9 Underdog (2007)
Tagline: One Nation, Under Dog.
It's not often we get to see an origin story of a canine superhero (voiced by Jason Lee). While imprisoned in a lab of the mad scientist (Peter Dinklage) and his henchman (Patrick Warburton), an ordinary beagle accidentally gains superpowers. He escapes and hides at the family home of Dan Unger (Jim Belushi) and his son Jack (Alex Neuberger), who names him Shoeshine. But with great power comes great responsibility, so Shoeshine soon dons the superhero costume and becomes - Underdog!
Underdog was loosely based upon an animated TV series that was really popular half a century ago. Director Frederik Du Chau previously made a film about a talking zebra called Racing Stripes, thus proving he's a true talking-animal movie professional. Underdog was released in August of 2007 by Walt Disney Pictures and reviews were bad, but the movie earned respectable $65 million (the budget was $24 million).
8 Marmaduke (2010)
Tagline: Live Large
Marmaduke (Owen Wilson) is a Great Dane living comfortably in the American Midwest. But when his owner Phil (Lee Pace) accepts a new job in California, the whole family has to move. Once there, Marmaduke meets a bunch of talking animals voiced by Hollywood celebrities such as Emma Stone and Sam Elliot. Soon enough, our canine hero struggles to win the heart of a Collie named Jezebel (Fergie) from her thuggish boyfriend Bosco (Kiefer Sutherland). In Marmaduke, CGI effects of animals talking land right in the so-called uncanny valley: they are too realistic to be cute or funny but just surreal enough to unsettle the grownup viewer. Kids won't mind though. Probably.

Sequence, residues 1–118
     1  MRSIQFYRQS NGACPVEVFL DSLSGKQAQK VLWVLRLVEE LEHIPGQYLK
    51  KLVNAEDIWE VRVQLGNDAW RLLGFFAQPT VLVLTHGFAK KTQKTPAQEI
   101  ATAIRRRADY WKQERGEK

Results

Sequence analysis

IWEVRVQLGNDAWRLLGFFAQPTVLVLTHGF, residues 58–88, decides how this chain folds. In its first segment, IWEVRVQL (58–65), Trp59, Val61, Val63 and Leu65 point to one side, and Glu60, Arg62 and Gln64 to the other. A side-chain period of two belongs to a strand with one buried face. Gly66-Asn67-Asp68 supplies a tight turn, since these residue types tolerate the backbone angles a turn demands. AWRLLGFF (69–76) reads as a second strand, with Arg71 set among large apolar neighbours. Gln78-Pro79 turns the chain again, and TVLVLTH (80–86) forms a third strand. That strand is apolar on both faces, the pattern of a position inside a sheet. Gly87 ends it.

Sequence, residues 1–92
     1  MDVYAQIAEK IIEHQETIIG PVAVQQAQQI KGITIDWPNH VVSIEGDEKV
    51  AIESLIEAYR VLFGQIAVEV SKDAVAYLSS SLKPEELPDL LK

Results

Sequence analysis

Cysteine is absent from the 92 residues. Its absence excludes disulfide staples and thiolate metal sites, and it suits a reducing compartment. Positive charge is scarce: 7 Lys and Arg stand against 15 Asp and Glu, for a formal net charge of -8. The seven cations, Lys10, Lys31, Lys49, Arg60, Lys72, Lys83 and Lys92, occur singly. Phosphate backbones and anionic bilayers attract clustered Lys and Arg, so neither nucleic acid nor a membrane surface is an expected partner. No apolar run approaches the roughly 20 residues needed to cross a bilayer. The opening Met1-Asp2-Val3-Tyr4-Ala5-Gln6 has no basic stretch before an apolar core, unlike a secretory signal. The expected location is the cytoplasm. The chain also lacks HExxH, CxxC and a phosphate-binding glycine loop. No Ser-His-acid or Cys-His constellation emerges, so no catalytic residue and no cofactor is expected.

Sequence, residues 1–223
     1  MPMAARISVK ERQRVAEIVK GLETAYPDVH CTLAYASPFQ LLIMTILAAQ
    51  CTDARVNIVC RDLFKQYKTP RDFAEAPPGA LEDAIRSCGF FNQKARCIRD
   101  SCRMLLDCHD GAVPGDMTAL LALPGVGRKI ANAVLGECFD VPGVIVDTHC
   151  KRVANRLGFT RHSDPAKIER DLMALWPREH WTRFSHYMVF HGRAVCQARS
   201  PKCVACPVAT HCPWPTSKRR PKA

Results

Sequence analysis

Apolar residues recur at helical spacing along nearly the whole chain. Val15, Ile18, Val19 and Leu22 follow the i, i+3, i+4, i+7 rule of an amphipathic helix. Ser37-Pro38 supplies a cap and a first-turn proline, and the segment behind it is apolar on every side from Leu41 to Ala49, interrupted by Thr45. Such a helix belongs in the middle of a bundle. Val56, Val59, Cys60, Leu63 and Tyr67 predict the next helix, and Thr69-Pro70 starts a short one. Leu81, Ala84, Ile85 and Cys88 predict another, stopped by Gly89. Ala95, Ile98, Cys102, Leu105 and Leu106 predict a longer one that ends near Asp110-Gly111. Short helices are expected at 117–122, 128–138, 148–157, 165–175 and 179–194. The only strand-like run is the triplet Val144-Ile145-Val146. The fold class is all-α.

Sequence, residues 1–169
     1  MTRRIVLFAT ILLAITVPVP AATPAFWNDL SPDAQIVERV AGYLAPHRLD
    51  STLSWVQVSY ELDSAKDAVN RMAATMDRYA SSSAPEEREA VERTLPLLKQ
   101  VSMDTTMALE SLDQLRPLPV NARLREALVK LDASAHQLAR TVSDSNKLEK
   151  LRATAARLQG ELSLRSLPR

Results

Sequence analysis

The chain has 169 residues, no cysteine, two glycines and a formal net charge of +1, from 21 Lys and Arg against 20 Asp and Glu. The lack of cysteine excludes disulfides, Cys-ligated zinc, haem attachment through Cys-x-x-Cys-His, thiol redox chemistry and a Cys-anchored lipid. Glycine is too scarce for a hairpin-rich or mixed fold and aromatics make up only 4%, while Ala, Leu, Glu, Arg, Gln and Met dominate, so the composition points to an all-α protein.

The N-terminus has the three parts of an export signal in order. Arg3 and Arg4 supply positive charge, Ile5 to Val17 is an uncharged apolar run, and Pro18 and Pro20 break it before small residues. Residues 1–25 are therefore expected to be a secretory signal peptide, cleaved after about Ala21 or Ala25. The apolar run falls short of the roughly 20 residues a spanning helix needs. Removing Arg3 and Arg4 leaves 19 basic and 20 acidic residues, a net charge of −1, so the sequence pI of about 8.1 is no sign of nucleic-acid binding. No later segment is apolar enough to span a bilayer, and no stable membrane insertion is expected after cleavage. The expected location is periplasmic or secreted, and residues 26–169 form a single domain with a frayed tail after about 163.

Marmaduke is a live-action adaptation of a comic strip by Brad Anderson that's been published for almost half a century now. Released by 20th Century Fox in June of 2010, Marmaduke made some profit but not enough to warrant a sequel.
7 Zookeeper (2011)
Tagline: Don't talk to the animals... unless they talk to you first!
Forget about talking animals: this movie's romance is far more improbable. The chubby and kind-hearted Griffin (Kevin James) somehow dates the beautiful and shallow Stephanie (Leslie Bibb). When he proposes to her, she snobbishly dumps him just because he's a zookeeper, making one wonder how these two got together in the first place. Five years later, Griffin is still moping about this, but because the animals really like him, they decide to teach Griffin how to win Stephanie back, thus proving they lack the basic understanding of a healthy human relationship. Pratfalls ensue until Griffin realizes that his veterinarian gal pal uncannily resembles Rosario Dawson and happens to like him back.
Produced by Adam Sandler's Happy Madison company, Zookeeper was released in July of 2011 by Columbia. It featured voices of numerous Hollywood celebrities such as Cher, Jon Favreau, Nick Nolte, Adam Sandler and Sylvester Stallone. Critically panned, Zookeeper was nevertheless a box office success.
6 Karate Dog (2004)
Tagline: A new breed of action hero.